Intermolecular forces in spread phospholipid monolayers at oil/water interfaces

James Mingins, Brian Anthony Pethica

Research output: Contribution to journalArticlepeer-review

4 Scopus citations

Abstract

The lateral intermolecular forces between phospholipids are of particular relevance to the behavior of biomembranes, and have been approached via studies of monolayer isotherms at aqueous interfaces, mostly restricted to air/water (A/W) systems. For thermodynamic properties, the oil/water (O/W) interface has major advantages but is experimentally more difficult and less studied. A comprehensive reanalysis of the available thermodynamic data on spread monolayers of phosphatidyl cholines (PC) and phosphatidyl ethanolamines (PE) at O/W interfaces is conducted to identify the secure key features that will underpin further development of molecular models. Relevant recourse is made to isotherms of single-chain molecules and of mixed monolayers to identify the contributions of chain-chain interactions and interionic forces. The emphasis is on the properties of the phase transitions for a range of oil phases. Apparent published discrepancies in thermodynamic properties are resolved and substantial agreement emerges on the main features of these phospholipid monolayer systems. In compression to low areas, the forces between the zwitterions of like phospholipids are repulsive. The molecular model for phospholipid headgroup interactions developed by Stigter et al. accounts well for the virial coefficients in expanded phospholipid O/W monolayers. Inclusion of the changes in configuration and orientation of the zwitterion headgroups on compression, which are indicated by the surface potentials in the phase transition region, and inclusion of the energy of chain demixing from the oil phase will be required for molecular modeling of the phase transitions.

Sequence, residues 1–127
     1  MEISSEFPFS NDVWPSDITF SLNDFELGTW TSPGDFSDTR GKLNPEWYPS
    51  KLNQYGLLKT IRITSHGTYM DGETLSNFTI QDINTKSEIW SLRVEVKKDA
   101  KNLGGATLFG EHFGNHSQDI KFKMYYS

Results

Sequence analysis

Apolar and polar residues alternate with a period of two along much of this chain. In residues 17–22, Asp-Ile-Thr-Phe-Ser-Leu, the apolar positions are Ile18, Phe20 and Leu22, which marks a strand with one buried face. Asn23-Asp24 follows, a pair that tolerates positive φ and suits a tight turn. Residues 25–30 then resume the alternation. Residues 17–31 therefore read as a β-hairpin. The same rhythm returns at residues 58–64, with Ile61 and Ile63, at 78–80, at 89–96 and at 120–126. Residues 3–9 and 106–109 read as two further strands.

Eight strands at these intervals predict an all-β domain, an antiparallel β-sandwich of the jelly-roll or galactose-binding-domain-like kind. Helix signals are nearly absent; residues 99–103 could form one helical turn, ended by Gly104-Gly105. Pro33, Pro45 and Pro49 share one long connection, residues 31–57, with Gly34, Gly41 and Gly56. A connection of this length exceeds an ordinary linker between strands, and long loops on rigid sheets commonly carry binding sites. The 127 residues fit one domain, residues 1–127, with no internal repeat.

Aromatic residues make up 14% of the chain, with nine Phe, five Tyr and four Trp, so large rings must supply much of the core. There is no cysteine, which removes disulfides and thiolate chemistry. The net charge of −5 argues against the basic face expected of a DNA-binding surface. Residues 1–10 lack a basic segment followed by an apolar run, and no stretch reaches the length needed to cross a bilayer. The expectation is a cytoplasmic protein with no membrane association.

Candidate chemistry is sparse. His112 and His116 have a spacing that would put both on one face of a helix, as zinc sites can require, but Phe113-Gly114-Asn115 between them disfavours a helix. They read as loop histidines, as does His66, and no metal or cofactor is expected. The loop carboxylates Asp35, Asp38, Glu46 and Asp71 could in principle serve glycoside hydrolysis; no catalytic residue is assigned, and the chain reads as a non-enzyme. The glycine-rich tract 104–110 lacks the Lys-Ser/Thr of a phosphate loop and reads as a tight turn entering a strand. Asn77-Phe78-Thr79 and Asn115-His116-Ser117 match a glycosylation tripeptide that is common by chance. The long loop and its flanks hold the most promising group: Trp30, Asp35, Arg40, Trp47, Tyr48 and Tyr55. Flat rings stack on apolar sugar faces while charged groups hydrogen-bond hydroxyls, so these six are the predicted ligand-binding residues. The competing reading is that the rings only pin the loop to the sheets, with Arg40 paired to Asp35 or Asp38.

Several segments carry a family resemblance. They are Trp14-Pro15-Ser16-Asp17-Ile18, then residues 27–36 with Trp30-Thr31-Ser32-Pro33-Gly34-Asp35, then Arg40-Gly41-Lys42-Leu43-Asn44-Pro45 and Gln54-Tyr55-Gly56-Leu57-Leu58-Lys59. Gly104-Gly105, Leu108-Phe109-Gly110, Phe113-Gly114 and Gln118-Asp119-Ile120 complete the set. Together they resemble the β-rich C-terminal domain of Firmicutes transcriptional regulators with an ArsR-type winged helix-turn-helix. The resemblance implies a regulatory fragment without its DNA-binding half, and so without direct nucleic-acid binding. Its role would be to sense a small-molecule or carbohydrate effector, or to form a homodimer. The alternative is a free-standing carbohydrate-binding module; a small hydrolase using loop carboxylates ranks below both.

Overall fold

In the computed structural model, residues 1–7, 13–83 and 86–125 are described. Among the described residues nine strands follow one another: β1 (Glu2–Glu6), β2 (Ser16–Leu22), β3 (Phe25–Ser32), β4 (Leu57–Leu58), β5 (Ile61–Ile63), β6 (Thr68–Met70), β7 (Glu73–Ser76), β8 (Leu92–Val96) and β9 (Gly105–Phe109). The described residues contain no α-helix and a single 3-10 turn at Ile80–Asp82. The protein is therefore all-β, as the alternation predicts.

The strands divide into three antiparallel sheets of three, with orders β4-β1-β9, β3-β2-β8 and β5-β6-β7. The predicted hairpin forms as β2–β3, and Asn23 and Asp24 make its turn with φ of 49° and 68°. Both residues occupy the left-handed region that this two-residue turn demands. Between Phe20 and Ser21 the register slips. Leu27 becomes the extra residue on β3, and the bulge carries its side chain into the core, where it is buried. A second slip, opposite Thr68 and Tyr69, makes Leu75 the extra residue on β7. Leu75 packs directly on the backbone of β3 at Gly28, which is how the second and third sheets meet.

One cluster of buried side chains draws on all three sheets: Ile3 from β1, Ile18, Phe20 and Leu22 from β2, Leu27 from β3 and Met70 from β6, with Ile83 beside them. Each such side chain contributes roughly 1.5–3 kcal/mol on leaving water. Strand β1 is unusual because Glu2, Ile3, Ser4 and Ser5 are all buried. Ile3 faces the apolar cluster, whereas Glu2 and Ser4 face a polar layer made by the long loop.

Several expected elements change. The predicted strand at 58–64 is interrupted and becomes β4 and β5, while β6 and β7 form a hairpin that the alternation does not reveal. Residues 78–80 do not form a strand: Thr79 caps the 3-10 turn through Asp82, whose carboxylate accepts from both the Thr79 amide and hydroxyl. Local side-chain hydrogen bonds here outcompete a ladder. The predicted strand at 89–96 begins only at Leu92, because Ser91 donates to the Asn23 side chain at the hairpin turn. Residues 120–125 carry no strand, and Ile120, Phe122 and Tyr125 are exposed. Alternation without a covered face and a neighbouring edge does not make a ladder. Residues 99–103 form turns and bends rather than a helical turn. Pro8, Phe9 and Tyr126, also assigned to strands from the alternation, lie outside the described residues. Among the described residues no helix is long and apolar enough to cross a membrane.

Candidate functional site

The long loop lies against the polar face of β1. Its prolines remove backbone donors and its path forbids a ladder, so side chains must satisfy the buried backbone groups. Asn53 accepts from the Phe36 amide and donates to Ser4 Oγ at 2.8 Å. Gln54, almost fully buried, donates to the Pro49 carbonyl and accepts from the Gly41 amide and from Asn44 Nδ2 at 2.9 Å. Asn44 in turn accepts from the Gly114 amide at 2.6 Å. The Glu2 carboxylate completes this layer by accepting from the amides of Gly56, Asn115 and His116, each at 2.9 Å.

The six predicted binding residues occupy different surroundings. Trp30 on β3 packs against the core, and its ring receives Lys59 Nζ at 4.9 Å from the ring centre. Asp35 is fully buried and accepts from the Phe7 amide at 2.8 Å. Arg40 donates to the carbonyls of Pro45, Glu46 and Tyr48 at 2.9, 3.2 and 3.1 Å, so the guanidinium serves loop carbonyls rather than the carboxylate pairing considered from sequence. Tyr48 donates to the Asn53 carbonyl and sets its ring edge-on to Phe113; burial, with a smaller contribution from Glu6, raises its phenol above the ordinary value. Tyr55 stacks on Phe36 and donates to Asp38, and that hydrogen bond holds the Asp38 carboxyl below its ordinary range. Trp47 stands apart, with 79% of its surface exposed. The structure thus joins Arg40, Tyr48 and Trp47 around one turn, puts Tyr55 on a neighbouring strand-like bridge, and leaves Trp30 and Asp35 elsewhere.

Original languageEnglish (US)
Pages (from-to)7493-7498
Number of pages6
JournalLangmuir
Volume20
Issue number18
DOIs
StatePublished - Aug 31 2004

All Science Journal Classification (ASJC) codes

  • Materials Science(all)
  • Condensed Matter Physics
  • Surfaces and Interfaces
  • Spectroscopy
  • Electrochemistry

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